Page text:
David Brooks’ List of “Really Good Books”

david brooks booksIn the pages of The New York Times, David Brooks reeled off a list of Really Good Books. He prefaces the list with this: “People are always asking me what my favorite books are. I’ve held off listing them because it seems self-indulgent. But, with summer almost here, I thought I might spend a couple columns recommending eight books that have been pivotal in my life.” [He actually recommends more than 8 in the end.] Some of the books will help you think about living a life of “civilized ambition.” Others will nurture your inner spirit. And still others will help you think more intelligently about writing and politics. Along the way, he adds a quick caveat about what these books “can’t do.” “They can’t carve your convictions about the world. Only life can do that — only relationships, struggle, love, play and work. Books can give you vocabularies and frameworks to help you understand and decide, but life provides exactly the education you need.”

The list was published in two parts: Part 1 and Part 2. In each installment, Brooks explains why he selected each work. Where possible, we have provided links to texts available online. You can also find them listed in our collection, 700 Free eBooks for iPad, Kindle & Other Devices.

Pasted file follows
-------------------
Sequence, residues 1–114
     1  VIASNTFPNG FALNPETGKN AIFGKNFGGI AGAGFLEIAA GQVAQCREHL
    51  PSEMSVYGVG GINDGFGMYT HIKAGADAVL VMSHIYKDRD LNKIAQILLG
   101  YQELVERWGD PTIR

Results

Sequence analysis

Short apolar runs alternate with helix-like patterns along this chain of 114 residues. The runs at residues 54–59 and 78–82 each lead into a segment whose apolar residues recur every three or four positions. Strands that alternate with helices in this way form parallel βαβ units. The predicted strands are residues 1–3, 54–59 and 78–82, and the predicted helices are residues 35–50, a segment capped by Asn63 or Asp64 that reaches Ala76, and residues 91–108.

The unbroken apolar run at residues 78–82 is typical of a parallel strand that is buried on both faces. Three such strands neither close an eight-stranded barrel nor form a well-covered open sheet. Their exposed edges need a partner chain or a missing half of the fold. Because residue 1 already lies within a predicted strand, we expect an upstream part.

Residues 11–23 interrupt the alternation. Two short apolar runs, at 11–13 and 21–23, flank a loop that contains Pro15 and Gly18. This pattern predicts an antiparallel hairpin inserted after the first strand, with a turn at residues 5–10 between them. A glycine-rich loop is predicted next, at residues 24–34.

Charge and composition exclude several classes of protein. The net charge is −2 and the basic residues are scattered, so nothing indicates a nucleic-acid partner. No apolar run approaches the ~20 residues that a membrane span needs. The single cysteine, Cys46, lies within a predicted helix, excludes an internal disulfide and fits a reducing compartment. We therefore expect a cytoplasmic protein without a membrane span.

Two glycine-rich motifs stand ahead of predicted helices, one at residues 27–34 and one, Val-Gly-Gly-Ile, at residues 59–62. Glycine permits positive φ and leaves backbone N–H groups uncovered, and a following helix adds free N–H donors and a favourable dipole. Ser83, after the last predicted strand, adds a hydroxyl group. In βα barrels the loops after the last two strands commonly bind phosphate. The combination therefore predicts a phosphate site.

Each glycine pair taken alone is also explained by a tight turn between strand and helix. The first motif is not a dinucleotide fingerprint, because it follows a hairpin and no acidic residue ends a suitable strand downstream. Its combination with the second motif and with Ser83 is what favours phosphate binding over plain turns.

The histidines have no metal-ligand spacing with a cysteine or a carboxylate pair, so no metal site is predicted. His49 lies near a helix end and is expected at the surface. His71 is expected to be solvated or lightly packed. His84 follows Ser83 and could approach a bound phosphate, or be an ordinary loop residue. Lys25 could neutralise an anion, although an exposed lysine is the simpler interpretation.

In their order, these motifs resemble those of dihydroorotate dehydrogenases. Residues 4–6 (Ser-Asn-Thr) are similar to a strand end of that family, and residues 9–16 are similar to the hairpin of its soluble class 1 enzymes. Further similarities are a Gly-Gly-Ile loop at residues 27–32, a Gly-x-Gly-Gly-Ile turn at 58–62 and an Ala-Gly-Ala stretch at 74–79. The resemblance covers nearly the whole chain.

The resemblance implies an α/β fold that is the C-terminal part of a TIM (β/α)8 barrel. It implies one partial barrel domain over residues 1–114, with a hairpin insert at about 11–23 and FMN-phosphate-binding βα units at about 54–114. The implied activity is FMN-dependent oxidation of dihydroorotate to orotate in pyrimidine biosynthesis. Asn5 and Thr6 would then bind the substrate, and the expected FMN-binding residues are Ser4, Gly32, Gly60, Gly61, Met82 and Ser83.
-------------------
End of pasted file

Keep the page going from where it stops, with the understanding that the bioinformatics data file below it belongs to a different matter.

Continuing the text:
1. A Collection of Essays by George Orwell

2. Anna Karenina by Leo Tolstoy

3. “Rationalism in Politics” by Michael Oakeshott

4. All the King’s Men by Robert Penn Warren

5. The Peloponnesian War by Thucydides

6. The Confessions by St. Augustine

7. The Lonely Man of Faith by Joseph Soloveitchik

8. Man’s Search for Meaning by Viktor Frankl (see Frankl talk about that great search here.)

9. Middlemarch by George Eliot

10. Endless Love by Scott Spencer

Related Content:

David Bowie’s Top 100 Books

Stephen King Creates a List of 96 Books for Aspiring Writers to Read

Neil deGrasse Tyson Lists 8 (Free) Books Every Intelligent Person Should Read


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  1. Paul says . . . | June 9, 2014 / 5:11 pm

    “Endless Love??”

  2. Colleen Pisa says . . . | June 9, 2014 / 5:19 pm

    This is the right-wing nut that recommended The Bell Curve. Why would anyone care what he thinks? He’s a tool of the Republican Party. Get real.

  3. Hanoch says . . . | June 11, 2014 / 5:07 am

    “Why would anyone care what he thinks?”

    Because living life inside an echo chamber is generally detrimental to one’s intellectual development.

  4. Mike says . . . | June 13, 2014 / 8:26 am

    Since when does being right wing and republican negate the value of works by the likes of Tolstoy, Thucydides and Augustine? Classics are classics no matter who the endorser is

  5. E. Jane Thompson says . . . | June 13, 2014 / 9:50 am

    And not a one in the top 8 written by a woman. Sigh…

  6. Dan Colman says . . . | June 13, 2014 / 11:31 pm

    FYI, George Eliot is actually a woman. Real name was Mary Ann Evans. http://en.wikipedia.org/wiki/George_Eliot

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